The necropolis, because as a site of extraordinary concentration of awalya¹s tombs, Sufi colleges and madrasa, it attracted many people in search of baraka (blessing). during the following centuries Egyptian population impoverished more and more. The lower stratum of middle class collapsed and moved to other peripheral zones and the fellahin, the Egyptian peasants and farmers, emigrated to the capital. Both of them crowded the poorest fringe zones as well as the City of the Dead.

    The newcomers changed Al Qarafa¹s face from an urban district to a hybrid community of rural people and citizens. Following the 1992 earthquake many people were forced to move into family tombs thus adding to the number of people already living there.

Tomb of Priest May Mark Egyptian City of the Dead   Live Science - October 18, 2010

    A maze-like pathway leads to the burial chamber of an ancient Egyptian priest just south of a pyramid builders' necropolis, according to archaeologists. The tomb could mark a completely new-to-science necropolis (Greek for "city of the dead"), said Zahi Hawass, secretary general of Egypt's Supreme Council of Antiquities. He added that it might also mark an offshoot of the western necropolis at Giza ­ the latter being home to Egypt's most famous pyramids, which housed the mummified bodies of ancient royalty. "This tomb could be the first of many in the area," Hawass said. "Hopefully we have located a new necropolis dedicated to certain members of the royal court."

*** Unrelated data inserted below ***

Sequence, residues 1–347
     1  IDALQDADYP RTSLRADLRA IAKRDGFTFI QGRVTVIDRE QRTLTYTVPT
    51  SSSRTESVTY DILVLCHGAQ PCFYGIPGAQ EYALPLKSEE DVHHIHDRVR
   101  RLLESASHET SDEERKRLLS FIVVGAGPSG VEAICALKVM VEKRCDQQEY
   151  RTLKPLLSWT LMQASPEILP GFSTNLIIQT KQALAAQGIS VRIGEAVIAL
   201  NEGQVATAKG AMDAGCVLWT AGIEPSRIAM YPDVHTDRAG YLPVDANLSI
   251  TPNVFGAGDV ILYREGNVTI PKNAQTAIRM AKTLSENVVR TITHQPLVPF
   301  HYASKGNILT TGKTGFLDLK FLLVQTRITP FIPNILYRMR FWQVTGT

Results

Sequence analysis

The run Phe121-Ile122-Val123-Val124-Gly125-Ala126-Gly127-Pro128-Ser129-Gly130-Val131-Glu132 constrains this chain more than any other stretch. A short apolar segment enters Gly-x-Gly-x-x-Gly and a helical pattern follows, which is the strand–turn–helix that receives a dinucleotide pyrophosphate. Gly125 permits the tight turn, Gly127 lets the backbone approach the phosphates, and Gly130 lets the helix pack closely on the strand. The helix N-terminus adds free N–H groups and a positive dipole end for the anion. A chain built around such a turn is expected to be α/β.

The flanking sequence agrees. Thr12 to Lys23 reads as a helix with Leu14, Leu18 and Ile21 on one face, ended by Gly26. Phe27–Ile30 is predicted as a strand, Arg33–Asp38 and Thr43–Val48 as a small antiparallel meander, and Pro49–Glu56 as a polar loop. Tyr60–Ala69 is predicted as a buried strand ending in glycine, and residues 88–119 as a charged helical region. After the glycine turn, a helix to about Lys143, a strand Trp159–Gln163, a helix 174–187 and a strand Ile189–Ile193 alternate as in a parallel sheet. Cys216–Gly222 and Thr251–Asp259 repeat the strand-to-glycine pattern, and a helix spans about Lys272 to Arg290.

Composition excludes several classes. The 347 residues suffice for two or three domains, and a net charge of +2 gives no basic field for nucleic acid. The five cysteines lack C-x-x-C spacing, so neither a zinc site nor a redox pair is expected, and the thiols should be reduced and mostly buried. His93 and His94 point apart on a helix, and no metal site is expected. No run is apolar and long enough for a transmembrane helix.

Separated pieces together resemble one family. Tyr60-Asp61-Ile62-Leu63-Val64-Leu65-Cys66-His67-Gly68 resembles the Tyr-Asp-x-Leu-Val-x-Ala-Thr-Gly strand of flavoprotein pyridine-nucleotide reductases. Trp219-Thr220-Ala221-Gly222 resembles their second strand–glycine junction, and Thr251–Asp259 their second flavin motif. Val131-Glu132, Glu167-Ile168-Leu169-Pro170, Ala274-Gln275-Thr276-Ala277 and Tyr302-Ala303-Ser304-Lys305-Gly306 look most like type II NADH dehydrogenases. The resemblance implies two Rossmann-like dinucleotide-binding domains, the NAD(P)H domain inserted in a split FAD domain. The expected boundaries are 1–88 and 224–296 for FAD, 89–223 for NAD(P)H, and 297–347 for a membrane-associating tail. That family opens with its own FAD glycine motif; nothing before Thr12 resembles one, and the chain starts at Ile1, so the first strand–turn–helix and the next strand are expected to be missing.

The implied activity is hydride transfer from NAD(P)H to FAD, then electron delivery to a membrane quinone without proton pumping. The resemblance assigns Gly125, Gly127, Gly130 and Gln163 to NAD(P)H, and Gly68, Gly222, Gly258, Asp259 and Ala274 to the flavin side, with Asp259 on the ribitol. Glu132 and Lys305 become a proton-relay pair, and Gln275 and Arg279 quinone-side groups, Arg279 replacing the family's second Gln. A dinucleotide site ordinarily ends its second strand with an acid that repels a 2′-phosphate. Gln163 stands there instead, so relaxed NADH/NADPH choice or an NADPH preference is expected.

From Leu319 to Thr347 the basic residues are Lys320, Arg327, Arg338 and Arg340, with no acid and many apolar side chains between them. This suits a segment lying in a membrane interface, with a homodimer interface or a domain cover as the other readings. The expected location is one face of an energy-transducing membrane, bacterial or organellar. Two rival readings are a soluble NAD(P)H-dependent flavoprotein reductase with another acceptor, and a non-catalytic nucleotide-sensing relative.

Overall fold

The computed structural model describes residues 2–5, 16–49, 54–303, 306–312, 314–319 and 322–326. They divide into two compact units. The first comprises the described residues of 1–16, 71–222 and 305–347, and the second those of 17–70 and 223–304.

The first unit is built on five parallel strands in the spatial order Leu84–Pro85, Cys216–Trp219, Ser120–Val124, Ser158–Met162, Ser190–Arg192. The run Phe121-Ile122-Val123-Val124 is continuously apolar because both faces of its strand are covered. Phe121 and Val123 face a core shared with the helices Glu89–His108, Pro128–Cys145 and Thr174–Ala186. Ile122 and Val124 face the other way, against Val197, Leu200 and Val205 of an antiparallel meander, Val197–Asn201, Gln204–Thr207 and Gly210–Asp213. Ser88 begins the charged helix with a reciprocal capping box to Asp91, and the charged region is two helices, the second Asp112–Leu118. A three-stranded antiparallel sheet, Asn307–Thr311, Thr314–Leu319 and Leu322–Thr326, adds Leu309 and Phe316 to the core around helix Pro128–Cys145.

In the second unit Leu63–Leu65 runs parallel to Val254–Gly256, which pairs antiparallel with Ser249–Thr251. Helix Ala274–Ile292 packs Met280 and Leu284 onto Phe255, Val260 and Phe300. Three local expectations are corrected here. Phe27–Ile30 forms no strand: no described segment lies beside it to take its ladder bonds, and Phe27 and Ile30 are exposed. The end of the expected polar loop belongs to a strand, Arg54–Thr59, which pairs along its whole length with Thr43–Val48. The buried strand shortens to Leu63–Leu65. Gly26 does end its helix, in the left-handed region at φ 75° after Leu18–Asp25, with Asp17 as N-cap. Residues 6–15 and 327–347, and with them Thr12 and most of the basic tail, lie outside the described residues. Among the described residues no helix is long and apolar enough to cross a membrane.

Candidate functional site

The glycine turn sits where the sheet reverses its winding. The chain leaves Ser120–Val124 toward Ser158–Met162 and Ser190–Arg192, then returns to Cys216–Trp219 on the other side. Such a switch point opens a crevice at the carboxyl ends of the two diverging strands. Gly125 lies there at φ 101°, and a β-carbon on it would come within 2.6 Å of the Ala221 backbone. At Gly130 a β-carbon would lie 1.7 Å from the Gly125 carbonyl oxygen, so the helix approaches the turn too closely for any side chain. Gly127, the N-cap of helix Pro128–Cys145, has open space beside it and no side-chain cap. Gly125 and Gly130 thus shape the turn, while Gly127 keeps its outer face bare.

The newly discovered Fifth Dynasty (2465-2325 B.C.) tomb holds the body of the priest Rudj-Ka, a member of the ancient Egyptian court. Rudj-Ka served as a purification priest for the pharaoh Khafre (2520-2494 B.C.) and his mortuary cult.

    Hawass pointed to unique architectural features of the tomb that include a superstructure built from limestone blocks. Those blocks create the maze-like pathway leading to the tomb entrance carved into a cliff face. The tomb's walls include painted reliefs that show Rudj-ka with his wife in front of an offering table that holds gifts of bread, goose and cattle. But it also shows the priest doing daily life activities such as fishing and boating. This latest discovery was announced by Farouk Hosny, Egypt's minister of culture, based on a routine excavation by an Egyptian archaeological team from the Supreme Council of Antiquities.